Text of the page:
Mostly singular, but it could be plural in some cases (depending on the intention of the speaker) and there is enough ambiguity that treating it as either singular or plural is unlikely to cause problems. Both singular and plural may be acceptable.
So what is going on here. Normally adjectives can precede nouns with no "of", so this means that the superlative has actually been "promoted" from an adjective to a noun. "The most intriguing" means "The most intriguing one", or possibly "The most intriguing ones". Here you can see the ambiguity in number. Both "one" or "ones" is possible as the intended meaning.
Here is a much simpler sentence that shows the same ambiguity in number.
The best was John.
The best were John and Richard.
A superlative adjective "best" is promoted to a noun. But it can be treated as either a singular or a plural noun. In this case, the number ambiguity is resolved by the complement. If the complement is John, then "best" means "best one" and is singular, etc.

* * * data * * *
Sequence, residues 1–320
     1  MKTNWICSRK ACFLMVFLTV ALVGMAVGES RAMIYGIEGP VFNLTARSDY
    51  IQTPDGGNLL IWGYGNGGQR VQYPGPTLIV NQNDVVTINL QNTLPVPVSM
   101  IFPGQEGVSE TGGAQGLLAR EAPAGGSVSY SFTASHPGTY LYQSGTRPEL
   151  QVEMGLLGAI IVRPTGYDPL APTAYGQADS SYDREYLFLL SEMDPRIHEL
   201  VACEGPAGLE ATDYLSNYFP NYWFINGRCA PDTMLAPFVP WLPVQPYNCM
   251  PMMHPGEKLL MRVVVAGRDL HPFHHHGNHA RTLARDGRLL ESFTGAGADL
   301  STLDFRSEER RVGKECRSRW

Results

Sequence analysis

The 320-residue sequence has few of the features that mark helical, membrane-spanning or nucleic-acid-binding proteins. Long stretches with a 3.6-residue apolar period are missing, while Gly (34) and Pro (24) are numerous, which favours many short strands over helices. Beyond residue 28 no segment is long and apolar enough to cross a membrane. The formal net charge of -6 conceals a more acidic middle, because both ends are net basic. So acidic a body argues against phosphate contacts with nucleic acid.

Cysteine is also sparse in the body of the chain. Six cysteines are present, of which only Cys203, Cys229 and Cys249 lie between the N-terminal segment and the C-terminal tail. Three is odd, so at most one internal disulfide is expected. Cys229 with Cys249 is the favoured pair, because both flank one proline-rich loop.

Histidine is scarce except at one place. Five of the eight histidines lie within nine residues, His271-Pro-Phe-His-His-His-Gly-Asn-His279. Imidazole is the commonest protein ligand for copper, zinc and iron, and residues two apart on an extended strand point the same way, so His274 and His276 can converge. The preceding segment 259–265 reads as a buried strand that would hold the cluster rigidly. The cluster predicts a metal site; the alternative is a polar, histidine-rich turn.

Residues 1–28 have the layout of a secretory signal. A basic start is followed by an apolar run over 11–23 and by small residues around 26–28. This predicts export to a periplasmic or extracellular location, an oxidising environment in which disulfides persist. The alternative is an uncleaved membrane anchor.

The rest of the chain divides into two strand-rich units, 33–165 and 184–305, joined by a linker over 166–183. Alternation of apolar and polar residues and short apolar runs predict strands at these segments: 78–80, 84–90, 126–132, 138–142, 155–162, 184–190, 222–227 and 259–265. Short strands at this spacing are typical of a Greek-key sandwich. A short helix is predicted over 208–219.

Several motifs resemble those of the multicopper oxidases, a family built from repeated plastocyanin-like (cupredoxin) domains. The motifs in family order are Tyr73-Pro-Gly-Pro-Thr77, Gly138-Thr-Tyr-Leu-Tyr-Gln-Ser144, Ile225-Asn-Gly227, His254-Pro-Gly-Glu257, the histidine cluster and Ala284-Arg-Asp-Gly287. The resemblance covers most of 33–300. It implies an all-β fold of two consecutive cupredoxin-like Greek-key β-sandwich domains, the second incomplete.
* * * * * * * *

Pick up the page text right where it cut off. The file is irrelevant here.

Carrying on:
But, in your more complex sentence, there is no way to resolve the ambiguity in the number of "the most intriguing". It could be either singular or plural. In the first case, the verb implies that it is actually plural, in the second it is singular. Singular is probably more common, given the usual meaning of superlatives.
The plural "efforts" is a modifier, and it doesn't change the number of the noun. But it's proximity to the verb can cause interference. Especially when, as here, the number of the main noun is ambiguous.